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Am J Clin Nutr. Author manuscript; available in PMC 2008 January 10.
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Published in final edited form as:
Am J Clin Nutr. 2007 December ; 86(6): 1626–1632.
Dietary fiber intake and retinal vascular caliber in the
Atherosclerosis Risk in Communities Study1,2,3
Haidong Kan, June Stevens, Gerardo Heiss, Ronald Klein, Kathryn M Rose, and Stephanie J
London
1 From the Epidemiology Branch, National Institute of Environmental Health Sciences, National
Institutes of Health, Department of Health and Human Services, Research Triangle Park, NC (HK
and SJL); the Departments of Nutrition and Epidemiology (JS) and the Department of Epidemiology
(GH and KMR), School of Public Health, the University of North Carolina at Chapel Hill, NC); and
the Department of Ophthalmology and Visual Sciences, University of Wisconsin School of Medicine
and Public Health, Madison, WI (RK)
Abstract
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Background—Dietary fiber appears to decrease the risk of cardiovascular morbidity and mortality.
Microvascular abnormalities can be observed by retinal examination and contribute to the
pathogenesis of various cardiovascular diseases. The impact of dietary fiber on the retinal
microvasculature is not known.
Objective—We aimed to examine the association between dietary fiber intake and retinal vascular
caliber.
Design—At the third visit (1993–1995) of the Atherosclerosis Risk in Communities (ARIC) Study,
a population-based cohort of adults in 4 US communities, the retinal vascular caliber of 10 659
participants was measured and summarized from digital retinal photographs. Usual dietary intake
during the same period was assessed with a 66-item food-frequency questionnaire.
Results—After control for potential confounders including hypertension, diabetes, lipids,
demographic factors, cigarette smoking, total energy intake, micronutrients intake, and other
cardiovascular disease risk factors, higher intake of fiber from all sources and from cereal were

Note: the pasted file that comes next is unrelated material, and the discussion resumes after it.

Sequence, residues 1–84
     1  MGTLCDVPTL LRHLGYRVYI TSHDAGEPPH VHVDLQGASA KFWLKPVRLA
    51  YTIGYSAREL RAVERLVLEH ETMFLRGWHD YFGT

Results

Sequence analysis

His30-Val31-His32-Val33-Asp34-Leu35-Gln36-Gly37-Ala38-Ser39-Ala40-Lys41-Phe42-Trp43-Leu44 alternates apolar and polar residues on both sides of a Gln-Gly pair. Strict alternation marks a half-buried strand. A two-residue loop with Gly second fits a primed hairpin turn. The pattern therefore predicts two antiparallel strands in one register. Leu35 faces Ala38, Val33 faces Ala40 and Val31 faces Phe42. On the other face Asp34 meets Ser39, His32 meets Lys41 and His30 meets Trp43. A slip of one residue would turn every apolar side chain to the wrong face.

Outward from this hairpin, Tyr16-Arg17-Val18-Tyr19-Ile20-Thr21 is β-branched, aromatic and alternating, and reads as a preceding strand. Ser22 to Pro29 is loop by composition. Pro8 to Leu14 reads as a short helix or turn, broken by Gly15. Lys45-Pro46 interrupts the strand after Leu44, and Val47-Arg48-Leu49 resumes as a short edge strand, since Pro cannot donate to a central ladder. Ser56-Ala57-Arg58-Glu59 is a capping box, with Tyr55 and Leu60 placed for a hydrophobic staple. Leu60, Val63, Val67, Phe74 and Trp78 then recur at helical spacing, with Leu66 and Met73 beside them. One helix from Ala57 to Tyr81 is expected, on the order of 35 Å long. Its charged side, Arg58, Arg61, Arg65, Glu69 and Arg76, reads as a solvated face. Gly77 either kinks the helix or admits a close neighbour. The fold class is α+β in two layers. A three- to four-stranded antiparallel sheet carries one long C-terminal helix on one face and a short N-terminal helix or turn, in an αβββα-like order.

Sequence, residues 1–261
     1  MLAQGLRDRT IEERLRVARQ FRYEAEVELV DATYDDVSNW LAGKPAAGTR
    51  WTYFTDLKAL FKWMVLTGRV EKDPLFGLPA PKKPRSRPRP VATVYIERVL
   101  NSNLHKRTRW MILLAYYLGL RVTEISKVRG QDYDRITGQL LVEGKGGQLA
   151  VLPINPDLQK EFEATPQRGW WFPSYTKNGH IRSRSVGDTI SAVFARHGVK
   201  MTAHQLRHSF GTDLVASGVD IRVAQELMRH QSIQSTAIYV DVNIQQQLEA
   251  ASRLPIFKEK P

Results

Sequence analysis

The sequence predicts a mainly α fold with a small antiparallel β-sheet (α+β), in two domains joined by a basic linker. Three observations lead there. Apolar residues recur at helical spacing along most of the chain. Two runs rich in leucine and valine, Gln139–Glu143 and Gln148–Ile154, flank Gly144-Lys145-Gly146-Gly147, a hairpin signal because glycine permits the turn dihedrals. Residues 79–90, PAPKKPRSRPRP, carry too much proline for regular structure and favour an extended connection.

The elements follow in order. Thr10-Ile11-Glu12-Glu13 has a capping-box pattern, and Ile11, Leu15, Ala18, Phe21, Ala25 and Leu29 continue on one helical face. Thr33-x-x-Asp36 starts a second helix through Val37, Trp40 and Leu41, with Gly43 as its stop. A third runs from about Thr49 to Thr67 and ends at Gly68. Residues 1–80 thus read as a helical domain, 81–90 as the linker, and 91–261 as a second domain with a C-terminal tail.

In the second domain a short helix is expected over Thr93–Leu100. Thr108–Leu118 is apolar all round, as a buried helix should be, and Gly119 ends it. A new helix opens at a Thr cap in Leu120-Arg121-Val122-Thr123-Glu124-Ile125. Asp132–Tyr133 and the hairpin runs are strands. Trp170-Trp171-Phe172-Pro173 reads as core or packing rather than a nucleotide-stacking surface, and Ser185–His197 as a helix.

significantly associated with wider retinal arteriolar caliber and narrower venular caliber. Participants
in the highest quintile of fiber intake from all sources had a 1.05-μm larger arteriolar caliber (P for
trend = 0.012) and a 1.11-μm smaller venular caliber (P for trend = 0.029).
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Conclusions—Dietary fiber was related to wider retinal arteriolar caliber and narrower venular
caliber, which are associated with a lower risk of cardiovascular disease. These data add to the
growing evidence of the benefits of fiber intake on various aspects of cardiovascular pathogenesis.
Keywords
Dietary fiber; cardiovascular diseases; micro-circulation; retinal abnormalities; cereal
2Supported by grant Z01 ES043012 from the Intramural Research Program, National Institute of Environmental Health Sciences. The
Atherosclerosis Risk in Communities Study is carried out as a collaborative study supported by National Heart, Lung, and Blood Institute
contracts N01-HC-55015, N01-HC-55016, N01-HC-55018, N01-HC-55019, N01-HC-55020, N01-HC-55021, and N01-HC-55022.
3 Reprints not available. Address correspondence to SJ London, Epidemiology Branch, National Institute of Environmental Health
Sciences, PO Box 12233, Mail Drop A3-05, Research Triangle Park, NC 27709. E-mail: [email protected]
Kan et al.
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INTRODUCTION
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Dietary fiber intake is associated with a reduced risk of cardiovascular diseases, including
ischemic heart disease (1–7), stroke (2,7–9), peripheral arterial disease (10), hypertension
(11), and atherosclerosis (12–14). The underlying mechanisms of the effect of dietary fiber on
the cardiovascular system remain poorly understood, although previous studies have shown
that fiber intake can affect blood pressure, systemic inflammation, serum lipid concentrations,
postprandial absorption of carbohydrates, insulin sensitivity, fibrinolysis, coagulation, and
endothelial cell function (15–21).
Microvascular dysfunction has long been implicated as a possible pathogenic factor in the
development of various cardiovascular disorders (22). Observation of retinal vascular caliber
may convey important information regarding the state of the micro-circulation in the eyes and
in other vascular beds (23). Several recent prospective studies have shown that a narrower
retinal arteriolar diameter independently predicts incident severe hypertension (24), coronary
heart disease (25,26), and diabetes mellitus (27,28). A wider retinal venular diameter has been
associated with an increased risk of stroke, cerebral infarction (29), and cerebral small vessel
disease (30).
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We hypothesized that a higher intake of dietary fiber is associated with a wider retinal arteriolar
and a narrower venular caliber. We examined this hypothesis in a population-based cohort of
middle-aged men and women. We also examined potential modifying effects of cardiovascular
disease risk factors, including sex, smoking status, diabetes status, hypertension, and physical
activity.
SUBJECTS AND METHODS
Subjects
The design and objectives of the Atherosclerosis Risk in Communities (ARIC) Study have
been reported in detail (31). Briefly, the ARIC Study is a prospective epidemiologic study of
new and established risk factors for atherosclerosis and community trends in coronary heart
disease. The study population was selected as a probability sample of 15 792 men and women